Community manifests in various ways. In May, for every virtual mental health treatment session at the Dorm, the organization is donating $1 to the National Alliance on Mental Illness of NYC (NAMI-NYC), which has beefed up its own education, support and advocacy programs to meet the needs of New Yorkers impacted by the coronavirus.
Online video support groups and programs have expanded as NAMI-NYC Helpline calls about depression, grief, anxiety, panic attacks and other conditions are up 60% since mid-March.
NAMI-NYC Engagement Coordinator Tanya Lalwani said she has experienced “a sense of urgency in calls that wasn’t there before the pandemic. One caller recently asked ‘Is the world ending?’ This is such a big threat people don’t know what to make of it.”
Ambiguity has reverberated at the Center for Anxiety, located near Columbus Circle in Manhattan and in Flatbush, Brooklyn. Calls are up “significantly,” according to founder and director Dr. David H. Rosmarin, an assistant professor in the psychiatry department at Harvard.
“People are increasingly seeking help and needing guidance. They’re plagued by anxiety. They can’t sleep. They’re having panic attacks for the first time. They need to connect and talk about it. Social distancing doesn’t mean social isolation,” Rosmarin added. “We’re social beings. That’s just the way we are. We have needs to connect with other people.”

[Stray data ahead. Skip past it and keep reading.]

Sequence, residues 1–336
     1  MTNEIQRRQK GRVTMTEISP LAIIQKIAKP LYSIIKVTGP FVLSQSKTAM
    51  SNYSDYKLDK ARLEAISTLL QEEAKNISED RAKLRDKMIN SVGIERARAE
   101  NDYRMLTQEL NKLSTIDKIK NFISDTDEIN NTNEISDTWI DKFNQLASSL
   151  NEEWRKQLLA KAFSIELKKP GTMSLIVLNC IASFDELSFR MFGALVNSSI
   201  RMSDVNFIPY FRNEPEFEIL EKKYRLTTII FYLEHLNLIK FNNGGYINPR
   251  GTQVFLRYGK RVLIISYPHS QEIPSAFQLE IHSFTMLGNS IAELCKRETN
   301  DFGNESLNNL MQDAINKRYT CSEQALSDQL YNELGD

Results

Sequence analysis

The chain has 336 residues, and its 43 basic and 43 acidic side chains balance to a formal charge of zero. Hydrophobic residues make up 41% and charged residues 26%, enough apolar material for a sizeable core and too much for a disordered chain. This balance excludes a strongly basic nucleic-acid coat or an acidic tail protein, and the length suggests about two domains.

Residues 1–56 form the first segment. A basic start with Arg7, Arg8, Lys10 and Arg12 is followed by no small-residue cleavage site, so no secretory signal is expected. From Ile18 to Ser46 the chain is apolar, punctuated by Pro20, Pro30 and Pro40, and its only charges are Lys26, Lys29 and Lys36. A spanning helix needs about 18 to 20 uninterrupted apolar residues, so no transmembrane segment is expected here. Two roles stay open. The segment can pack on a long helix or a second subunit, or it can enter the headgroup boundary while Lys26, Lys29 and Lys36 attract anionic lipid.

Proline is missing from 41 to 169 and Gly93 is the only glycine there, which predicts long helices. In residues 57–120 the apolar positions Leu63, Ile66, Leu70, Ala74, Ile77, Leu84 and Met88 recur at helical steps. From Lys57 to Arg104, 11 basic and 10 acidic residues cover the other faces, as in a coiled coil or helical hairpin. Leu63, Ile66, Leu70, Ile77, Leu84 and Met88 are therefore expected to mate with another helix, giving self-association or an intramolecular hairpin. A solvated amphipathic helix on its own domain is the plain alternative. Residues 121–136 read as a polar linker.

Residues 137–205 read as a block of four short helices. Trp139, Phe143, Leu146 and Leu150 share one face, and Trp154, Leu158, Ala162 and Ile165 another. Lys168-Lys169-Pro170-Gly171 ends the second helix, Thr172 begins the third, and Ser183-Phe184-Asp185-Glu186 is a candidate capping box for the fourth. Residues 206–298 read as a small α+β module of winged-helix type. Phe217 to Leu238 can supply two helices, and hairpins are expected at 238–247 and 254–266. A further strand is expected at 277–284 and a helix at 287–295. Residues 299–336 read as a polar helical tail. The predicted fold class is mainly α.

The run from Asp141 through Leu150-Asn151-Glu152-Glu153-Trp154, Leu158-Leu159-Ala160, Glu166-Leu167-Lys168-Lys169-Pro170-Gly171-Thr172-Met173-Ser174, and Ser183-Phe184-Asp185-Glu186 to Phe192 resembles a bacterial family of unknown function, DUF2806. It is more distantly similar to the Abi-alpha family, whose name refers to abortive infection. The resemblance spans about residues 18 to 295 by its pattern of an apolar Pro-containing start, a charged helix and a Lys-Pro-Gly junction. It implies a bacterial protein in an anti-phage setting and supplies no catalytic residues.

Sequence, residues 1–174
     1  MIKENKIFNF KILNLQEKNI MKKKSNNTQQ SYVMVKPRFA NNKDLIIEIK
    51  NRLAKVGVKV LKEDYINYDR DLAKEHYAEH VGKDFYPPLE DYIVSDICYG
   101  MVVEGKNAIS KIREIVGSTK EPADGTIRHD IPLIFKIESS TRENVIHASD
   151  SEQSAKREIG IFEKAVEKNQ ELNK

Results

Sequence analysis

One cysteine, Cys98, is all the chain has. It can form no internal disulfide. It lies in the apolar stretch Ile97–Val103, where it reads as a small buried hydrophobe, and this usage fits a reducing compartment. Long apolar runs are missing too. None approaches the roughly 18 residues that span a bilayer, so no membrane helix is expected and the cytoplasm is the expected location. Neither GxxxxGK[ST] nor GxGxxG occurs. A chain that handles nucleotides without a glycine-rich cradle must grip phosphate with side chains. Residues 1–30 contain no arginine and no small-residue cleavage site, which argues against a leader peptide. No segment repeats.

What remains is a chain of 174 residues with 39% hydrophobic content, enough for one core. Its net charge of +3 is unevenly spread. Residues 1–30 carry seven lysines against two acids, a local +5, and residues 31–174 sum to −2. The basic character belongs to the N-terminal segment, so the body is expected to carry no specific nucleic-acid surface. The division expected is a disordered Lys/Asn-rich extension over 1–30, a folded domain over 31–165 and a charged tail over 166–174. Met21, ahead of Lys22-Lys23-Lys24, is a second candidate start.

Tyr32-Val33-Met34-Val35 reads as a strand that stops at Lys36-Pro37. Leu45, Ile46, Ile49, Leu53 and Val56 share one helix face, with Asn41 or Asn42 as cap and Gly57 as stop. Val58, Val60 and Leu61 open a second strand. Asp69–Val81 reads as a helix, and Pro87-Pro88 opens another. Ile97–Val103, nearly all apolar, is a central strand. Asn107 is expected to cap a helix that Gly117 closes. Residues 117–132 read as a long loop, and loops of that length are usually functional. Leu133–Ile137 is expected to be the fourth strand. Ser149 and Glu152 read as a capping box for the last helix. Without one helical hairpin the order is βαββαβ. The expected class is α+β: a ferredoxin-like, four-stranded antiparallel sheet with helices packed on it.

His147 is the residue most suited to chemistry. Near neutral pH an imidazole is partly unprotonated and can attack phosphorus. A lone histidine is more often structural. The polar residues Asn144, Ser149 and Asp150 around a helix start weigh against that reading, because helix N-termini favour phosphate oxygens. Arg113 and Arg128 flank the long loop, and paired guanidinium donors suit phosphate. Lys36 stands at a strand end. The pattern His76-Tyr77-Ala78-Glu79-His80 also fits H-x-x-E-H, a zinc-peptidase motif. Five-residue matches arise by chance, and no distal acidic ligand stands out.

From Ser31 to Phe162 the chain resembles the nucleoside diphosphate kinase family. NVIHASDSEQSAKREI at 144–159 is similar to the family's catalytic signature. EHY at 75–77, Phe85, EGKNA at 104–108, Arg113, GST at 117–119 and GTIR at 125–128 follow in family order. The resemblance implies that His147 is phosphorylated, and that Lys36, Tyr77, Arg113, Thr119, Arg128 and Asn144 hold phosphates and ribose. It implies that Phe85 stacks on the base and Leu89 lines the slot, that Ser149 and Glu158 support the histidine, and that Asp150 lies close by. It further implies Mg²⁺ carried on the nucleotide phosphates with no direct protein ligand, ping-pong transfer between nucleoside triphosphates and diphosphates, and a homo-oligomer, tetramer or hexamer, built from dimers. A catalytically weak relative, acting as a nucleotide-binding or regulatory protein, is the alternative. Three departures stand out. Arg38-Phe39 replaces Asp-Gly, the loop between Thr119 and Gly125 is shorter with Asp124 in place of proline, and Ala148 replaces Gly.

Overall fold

Connection, it turns out, can come wherever and however. It transcends location.
The Inter-Group Association of AA of New York, an information exchange center and facilitator for AA groups in the greater New York City area, is currently facilitating more than 2,500 remote meetings a week that chapters can use free of charge. Since AA venues were forced to close, the group noted on May 1 that it “has enabled members from 132 countries to pass through the virtual doors of AA meetings 419,710 times.”
In the Bronx, Matt can attest to that. He regards his sobriety as “kind of like going over the rainbow to find the pot of gold. Your very next assignment is to return to the other side and find somebody else who can find the pot of gold too.”
Those somebodies, who began as six people on March 19 after Matt spread the word about the meeting through friends and social media, have already grown 10-fold. They’ve included New Yorkers and out-of-towners in Ohio, Tennessee, Georgia, Florida, Colorado, California and Arizona, as well as Trinidad and Tobago and Canada. “It’s gone international,” Matt said.